Should you consider dual enrollment for next year?
By Katherine L. Cohen, Ph.D., CEO and Founder of IvyWise and ApplyWise.
By the end of the school year, most students are grateful to get away from the stress of school. Still, some might feel that, rather than being too difficult, their high school does not offer courses that are challenging or interesting enough. But there's a simple way to fix this problem. Students from a diverse range of academic backgrounds may take advantage of dual enrollment programs, through which qualified high school students take college courses while in high school. These college courses fulfill high school graduation requirements, and may even be used as credit towards an associate or bachelor's degree, depending on where you attend college. In the end, dual enrollment could even help you and your parents save money on college tuition.
Dual enrollment is a growing opportunity for both students and colleges alike. According to the US Department of Education, dual enrollment programs are growing nationally: more than half of all colleges and universities have enrolled high school students for college credit. Unlike the traditional courses covered by the 34 Advanced Placement exams, dual enrollment courses offer wider breadth: 51% of dual enrollment courses focus on career and technical/vocational subjects. Yet another perk is the flexibility of dual enrollment classes. Courses can be taught at a college, high school, or online and you can take them during both the academic year and summer.
You really need to consider dual enrollment if you:
- Are looking to enrich your academic experience.
If you're on the track to completing the necessary requirements for a high school degree, dual enrollment will give you the opportunity to take advanced coursework with college students and faculty. It's also a great opportunity to experience the reality of college while still in high school.
- Have a flexible schedule.
Dual credit courses can be offered on campus, online or at postsecondary institutions. Yet, to take full advantage of dual enrollment programs, students must have a flexible schedule. Occasionally, dual enrollment courses will overlap with your regular high school schedule, which may cause conflicts.
- Have school and home support.
Dual enrollment courses are accelerated and faculty will expect high school students to perform at the college level. In order to handle the added pressure of the independent work required in a college course, and to manage transportation to and from class, you will need the support of not only a parent, but also your high school teachers and counselor.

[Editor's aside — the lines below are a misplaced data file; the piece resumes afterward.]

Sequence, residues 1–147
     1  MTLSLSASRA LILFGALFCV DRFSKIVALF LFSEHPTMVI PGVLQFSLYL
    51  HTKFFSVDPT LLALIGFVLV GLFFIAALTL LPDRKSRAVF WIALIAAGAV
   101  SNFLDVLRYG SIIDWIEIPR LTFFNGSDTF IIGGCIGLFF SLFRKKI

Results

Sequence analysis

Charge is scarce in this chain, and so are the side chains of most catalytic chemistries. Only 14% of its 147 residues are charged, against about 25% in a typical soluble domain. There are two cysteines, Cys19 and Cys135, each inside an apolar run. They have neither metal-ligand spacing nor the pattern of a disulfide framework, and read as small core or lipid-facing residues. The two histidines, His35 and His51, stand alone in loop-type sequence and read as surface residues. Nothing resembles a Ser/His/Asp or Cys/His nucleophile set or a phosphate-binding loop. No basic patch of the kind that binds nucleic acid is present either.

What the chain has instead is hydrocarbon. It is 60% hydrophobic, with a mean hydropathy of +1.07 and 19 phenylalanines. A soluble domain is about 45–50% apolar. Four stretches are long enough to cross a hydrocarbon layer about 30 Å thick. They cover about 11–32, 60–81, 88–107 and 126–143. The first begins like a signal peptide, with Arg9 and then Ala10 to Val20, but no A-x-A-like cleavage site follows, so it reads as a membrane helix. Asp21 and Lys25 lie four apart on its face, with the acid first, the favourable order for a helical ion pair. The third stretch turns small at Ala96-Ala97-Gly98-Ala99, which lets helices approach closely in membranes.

Some students should think twice before enrolling early in college courses. Here are some factors to consider before taking a college course while in high school:
- Not all colleges consider dual enrollment courses for transfer credit.
Although many public postsecondary institutions accept dual enrollment courses towards their graduation requirements, this is less likely at a private college. Because there are no consistent policies about accepting dual enrollment courses for college credit, I tell students not to assume that their credits will automatically transfer when they enroll in college.
- Dual enrollment courses can negatively impact a student's high school experience.
Although academics are a priority, spending time in a dual enrollment course may adversely affect a student's schedule. Remember, there are other benefits that are only available during high school, such as developing an artistic or athletic talent. Colleges like to see more than just academics-specifically, how you make an impact in your high school community.
- Additional costs
There may be additional fees for enrolling in dual enrollment courses. In some instances, students are responsible for paying college tuition, on top of books, lab fees and transportation costs. You must examine the financial cost of taking dual enrollment courses before enrolling and weigh the costs versus the long-term benefits.
If you're simply looking to save money by reducing future college costs, I strongly encourage taking an Advanced Placement test. Anyone can take an AP test; you don't have to be enrolled in the course. And the AP exam costs only $86. With a solid score of three or higher, students can often use a successful AP test score to fulfill college requirements while in high school. Since nearly all colleges have policies regarding how successful AP scores are used for credit and/or placement, this should be the first step for any student looking to enrich his or her academic experience while getting a better value for the money. If your school does not teach a specific AP course, see if you can take it online.
Overall, if students are interested in getting college credit in high school, they should speak to their guidance counselors about both AP and dual enrollment options. Not only will this enrich your high school experience, it will also make a positive impression on any college admissions committee-and that's the real benefit of taking advantage of an opportunity like this.
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